Editor’s Note: Since this piece’s publication, U.S. President Joe Biden has committed to end the U.S. combat mission in Iraq by the end of 2021.

The visit of Iraqi Prime Minister Mustafa al-Kadhimi to Washington, DC, comes at a difficult time for the premier and his country.

At the top of Kadhimi’s agenda is the U.S. military presence in Iraq. The prime minister is facing increasing pressure, from both Shia factions in Iraq and militias allied with Iran, to implement the Iraqi parliament’s earlier nonbinding decision to end the foreign military presence in the country.

This decision came after the high-profile assassinations by a January 2020 U.S. strike of Qassem Soleimani, the former head of Iran’s Islamic Revolutionary Guard Corps’ elite Quds Force, and Abu Mahdi al-Muhandis, then deputy head of an Iraqi paramilitary organization known as the Popular Mobilization Forces. Since then, Iran and its allies in Iraq have prioritized ending the U.S. military presence in the country—despite the objections and a lack of support for this goal from Kurdish and Sunni groups, as well as a handful of Shia moderates. The United States says that it is willing to end its troops’ presence if the Iraqi government officially requests it.

Why Kadhimi Is Requesting Withdrawal Now

Recently, the pressure increased on Kadhimi to clearly demand the withdrawal of U.S. troops or set a timeline for it. Iran-allied militias escalated their attacks on military bases hosting U.S. troops, using new technologies such as unmanned aerial vehicles and targeting areas in the governorates of Baghdad, Anbar, and Erbil (the capital of the autonomous region of Kurdistan). The Iraqi Resistance Coordination Committee, a clandestine group that is supposed to represent these militias, threatened recently to continue their attacks until the last U.S. soldier leaves Iraq. They accused Kadhimi’s government of lacking the desire or the will to demand a full and real withdrawal of U.S. troops.

Harith Hasan
Harith Hasan is a nonresident senior fellow at the Malcolm H. Kerr Carnegie Middle East Center, where his research focuses on Iraq, sectarianism, identity politics, religious actors, and state-society relations.
More >

Any further escalation could provoke another U.S. retaliation, which would threaten the fragile stability in Iraq—as happened at the end of June when the United States bombed militia sites located near the Iraqi-Syrian border. Such an escalation would diminish Kadhimi’s government’s power to influence events, especially as it prepares to hold parliamentary elections in October 2021.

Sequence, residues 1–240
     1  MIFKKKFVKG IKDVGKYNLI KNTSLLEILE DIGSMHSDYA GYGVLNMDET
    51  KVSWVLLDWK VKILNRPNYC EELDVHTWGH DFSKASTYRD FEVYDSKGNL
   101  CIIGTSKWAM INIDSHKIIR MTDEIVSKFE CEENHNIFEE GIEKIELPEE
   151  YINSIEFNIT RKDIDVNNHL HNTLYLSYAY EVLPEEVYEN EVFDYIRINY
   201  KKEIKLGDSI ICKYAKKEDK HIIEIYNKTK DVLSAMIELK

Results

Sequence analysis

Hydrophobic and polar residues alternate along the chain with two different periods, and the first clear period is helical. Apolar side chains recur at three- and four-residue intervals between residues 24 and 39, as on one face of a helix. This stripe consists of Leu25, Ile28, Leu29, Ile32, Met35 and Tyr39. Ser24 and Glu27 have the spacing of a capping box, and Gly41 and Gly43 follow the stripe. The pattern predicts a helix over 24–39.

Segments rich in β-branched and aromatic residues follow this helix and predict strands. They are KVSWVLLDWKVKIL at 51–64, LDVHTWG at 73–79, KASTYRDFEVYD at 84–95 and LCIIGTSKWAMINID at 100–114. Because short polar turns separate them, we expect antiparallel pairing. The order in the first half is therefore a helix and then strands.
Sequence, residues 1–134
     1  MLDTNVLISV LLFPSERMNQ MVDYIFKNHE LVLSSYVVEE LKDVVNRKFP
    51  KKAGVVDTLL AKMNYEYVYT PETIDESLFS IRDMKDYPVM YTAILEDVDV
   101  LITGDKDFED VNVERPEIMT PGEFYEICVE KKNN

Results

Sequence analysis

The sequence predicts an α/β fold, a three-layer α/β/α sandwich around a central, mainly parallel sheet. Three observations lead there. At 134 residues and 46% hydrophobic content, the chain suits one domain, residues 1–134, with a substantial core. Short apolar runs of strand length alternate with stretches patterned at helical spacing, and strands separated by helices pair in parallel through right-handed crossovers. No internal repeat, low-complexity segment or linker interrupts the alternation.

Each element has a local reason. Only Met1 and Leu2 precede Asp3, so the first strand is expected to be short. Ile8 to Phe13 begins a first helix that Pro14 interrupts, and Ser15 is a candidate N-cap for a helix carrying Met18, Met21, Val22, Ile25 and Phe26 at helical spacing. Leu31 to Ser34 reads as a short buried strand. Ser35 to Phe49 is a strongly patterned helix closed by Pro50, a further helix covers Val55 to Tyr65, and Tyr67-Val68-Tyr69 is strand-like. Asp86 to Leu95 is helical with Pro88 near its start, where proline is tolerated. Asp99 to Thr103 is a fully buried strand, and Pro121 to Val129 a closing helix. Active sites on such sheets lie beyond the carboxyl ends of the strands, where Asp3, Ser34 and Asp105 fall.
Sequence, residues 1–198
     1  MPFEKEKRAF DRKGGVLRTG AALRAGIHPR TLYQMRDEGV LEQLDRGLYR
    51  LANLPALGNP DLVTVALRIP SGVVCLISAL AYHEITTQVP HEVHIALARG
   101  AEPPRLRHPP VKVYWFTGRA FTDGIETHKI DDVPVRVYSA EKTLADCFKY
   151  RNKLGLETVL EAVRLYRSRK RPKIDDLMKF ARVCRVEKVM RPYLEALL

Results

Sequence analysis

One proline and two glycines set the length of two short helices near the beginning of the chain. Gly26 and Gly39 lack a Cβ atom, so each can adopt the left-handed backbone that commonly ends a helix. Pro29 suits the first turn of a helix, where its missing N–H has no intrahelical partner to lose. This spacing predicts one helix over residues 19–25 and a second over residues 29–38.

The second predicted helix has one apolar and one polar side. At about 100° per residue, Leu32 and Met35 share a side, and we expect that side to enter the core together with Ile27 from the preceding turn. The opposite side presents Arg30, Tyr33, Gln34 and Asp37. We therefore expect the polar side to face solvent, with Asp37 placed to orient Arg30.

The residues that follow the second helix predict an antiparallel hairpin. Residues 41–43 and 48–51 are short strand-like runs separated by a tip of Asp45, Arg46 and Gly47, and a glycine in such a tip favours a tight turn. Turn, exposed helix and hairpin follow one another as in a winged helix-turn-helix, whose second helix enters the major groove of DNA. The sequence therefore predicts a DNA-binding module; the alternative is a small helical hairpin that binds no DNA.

At the same time, Kadhimi is facing huge socioeconomic challenges, as Iraq experiences high rates of coronavirus infections and casualties, rising poverty and unemployment, poor provision of basic services such as electricity and healthcare, and scaled-up attacks by the self-proclaimed Islamic State (ISIS) and militias against Iraqi civilians.

Kadhimi’s Plan of Action

Kadhimi came to Washington with hopes of reaching a formula that would satisfy Iran-allied groups without losing the U.S. support that remains necessary to secure international economic support and to give him leverage vis-à-vis other internal opponents.

Likely, the outcome will be an announcement of the redeployment of U.S. combat troops away from Iraq (perhaps with a timeline) and an emphasis on shifting the mission of the U.S.-led anti-ISIS coalition toward providing technical advice and training for Iraqi troops.

Although the militias announced that they would object to any type of U.S. military presence (even in an advisory capacity), Kadhimi can claim that he implemented the parliamentary decision to end the foreign military presence if he manages to obtain a clear timeline and commitment from the U.S. to complete the withdrawal of combat forces. This would let him transfer pressure off himself and onto Shia political groups, including those connected to the militias. His plan will be either to convince these militias to stop their attacks on military bases that host U.S. troops or to create a Shia political consensus against those attacks.

Kadhimi’s Legacy

This is Kadhimi’s second visit to Washington as prime minister. He came last July and met a very different interlocuter: former U.S. president Donald Trump. At the time, Trump’s team was focused on encouraging Kadhimi to take stronger action against militias and to reduce Iranian influence in the country. Trump himself was interested in knowing how the Iraqi government could prove it was still useful to the United States and whether it could provide the economic gains that justified the continuation of U.S. involvement in the country. Indeed, the Kadhimi government supported several projects, especially in the energy sector, that favored U.S. companies. It also sought to accelerate efforts to increase Iraqi gas production, which would help Iraq reduce its reliance on importing Iranian gas for its power stations—a key U.S. demand.

Now Kadhimi has met with U.S. President Joe Biden, whose administration is likely to be more realistic in its expectations about his ability to face the country’s Iranian influence and rein in the militias. Several of the Biden administration’s senior officials worked in or on Iraq over the past few years and understand its complexities. The Biden administration remains interested in keeping some leverage in Iraq and preventing it from collapsing again or fully succumbing to Iranian influence. However, these efforts will be conditioned by other factors—such as the United States’ expressed desire to reduce involvement in the Middle East, the limited mandate Kadhimi has as a transitional premier with no political party backing him, and the gravity of the challenges Iraq is facing.